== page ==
Peter

ESCANABA, Mich. — “On October 20th, I got a call a little after 4:30 in the afternoon that Peter was ran over by a car,” says Butch Frank, Peter’s father, recalling a harrowing afternoon in 2015. Prior to the accident, Peter Frank was a unicycling enthusiast and a typical active young man. That day, Peter...

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ESCANABA, Mich. — “On October 20th, I got a call a little after 4:30 in the afternoon that Peter was ran over by a car,” says Butch Frank, Peter’s father, recalling a harrowing afternoon in 2015.

Prior to the accident, Peter Frank was a unicycling enthusiast and a typical active young man. That day, Peter and his friends were playing in a leaf-pile they had brought to the edge of the curb. After playing awhile, Peter’s friends retired temporarily and went into the house. Alone in yard, while he wait, he thought to hide in the pile, and when his friends rejoined the fun, “He’d jump out of the leaves. Boom!” to playfully scare them, says Butch Frank.

In the meantime, while Peter was submerged in the clustered fallen foliage of the late autumn afternoon, to drivers along the road, he was invisible. In an unfortunate sequence of happenstance, at the same time, another young man, who was driving in a car down that same road, thought it would be fun to hit the pile of leaves.

“He ran through the leaf pile, and ran Peter over,” says Butch Frank.

Peter was rushed to St. Francis Hospital. When his parents arrived, EMTs and doctors were transferring him to the helicopter for emergency medical evacuation to UP Health System – Marquette. He cried out in pain, a sound his parents would never forget. “Hearing him cry out was the greatest sound I ever heard because I knew he was still alive,” says Butch Frank.

Peter had a broken back, broken femur, a punctured lung, broken ribs, a broken scapula, a fractured tailbone, and a concussion. His liver and spleen were damaged. He had tire marks where the car’s wheels spun over his torso, and peeled off his clothing.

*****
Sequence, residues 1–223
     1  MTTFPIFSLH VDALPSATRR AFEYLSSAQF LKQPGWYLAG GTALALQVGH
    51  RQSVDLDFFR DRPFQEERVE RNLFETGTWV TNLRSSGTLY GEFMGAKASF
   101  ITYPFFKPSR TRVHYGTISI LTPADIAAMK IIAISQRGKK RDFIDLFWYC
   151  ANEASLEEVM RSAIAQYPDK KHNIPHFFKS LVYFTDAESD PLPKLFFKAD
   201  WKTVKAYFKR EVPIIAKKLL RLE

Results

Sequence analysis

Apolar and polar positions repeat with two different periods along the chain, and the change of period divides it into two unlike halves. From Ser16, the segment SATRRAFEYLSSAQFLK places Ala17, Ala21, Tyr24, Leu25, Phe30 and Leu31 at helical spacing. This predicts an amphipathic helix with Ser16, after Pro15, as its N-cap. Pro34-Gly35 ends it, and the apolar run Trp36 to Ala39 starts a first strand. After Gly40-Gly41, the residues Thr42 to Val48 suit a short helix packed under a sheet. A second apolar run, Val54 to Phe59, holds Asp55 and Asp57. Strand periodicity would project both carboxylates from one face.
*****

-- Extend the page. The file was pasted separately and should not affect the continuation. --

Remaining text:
“We were told the first week he might not come out of it,” says Butch Frank.

Once at UPHS, his parents would not leave his bedside.

“We threw the cushions from the chairs on the floor, and just slept on there that night,” says Ellen Frank, Peter’s mother. “I didn’t sleep a wink. I don’t think [Butch] did either. We slept on the floor, and didn’t even care. The next day, a room opened at the Beacon House. We took it. The staff said right away, ‘You can stay as long as you want.’”

Beacon House’s Hospitality Rooms became a home away from home to the Frank family for a month. The Franks say it was relief and a blessing to them. They were determined their son would survive, and showed off Peter’s unicycling videos to Beacon House staff to build up their faith that he would pull through, and once again ride his unicycle. Butch and Ellen Frank knew for him to do so, he needed continual around-the-clock love and support.

After a few days, they created a routine where one parent was always holding his hand, and the Hospitality Rooms nearby allowed the other to grab a quick cup of coffee, shower, and a brief nap. They needed to keep up their strength to see him through his ordeal. A whole week went by before Peter’s doctors were finally able to tell his family, with confidence, he would survive.

“I can’t even tell you what a relief that was to me, and just a burden lifted,” says Ellen.

“We know, first hand, that when you have someone in that serious of condition in the hospital, you want to be as close as you can be to that person,” says Butch Frank. “It really was a blessing to be that close, not 15 blocks away.”

“When UPHS – Marquette moves locations, Beacon House has plans to eliminate the 15 blocks in between their current operations and the new hospital by building a state-of-the-art facility right on the campus of UPHS,” says Beacon House Public Relations Manager, Andrew Lorinser. “First, we need the community’s help. We have a great plan, we’re determined, and we can do it, but we have a lot of money to raise. Families like the Franks depend on us, and they depend on the generosity of the entire Upper Peninsula.”

Peter Frank’s mother says, “I remember my mom telling me, ‘Are you anxious to get home?’ And, I know it sounds really weird because in a way yes, but in a way no, because all of the nurses and doctors were taking care of my son. I remember telling my mom, ‘No, I feel like this is my home.’ It’s the truth, I did.”

Peter, Butch, and Ellen are adamant no blame or fault be cast on the driver. They have no ill feelings toward the boy in the car, and the incident lead to no significant legal ramifications. It was an accident. Butch and Ellen Frank kept the driver in their prayers and forgave him for what happened.

Peter Frank made miraculous strides towards recovery, is reportedly doing well, and unicycling nearly everyday. One year after the incident, he played golf at U.P. Celebrity Golf Classic, and Steve Mariucci called him one of the most remarkable and resilient people he had ever met.

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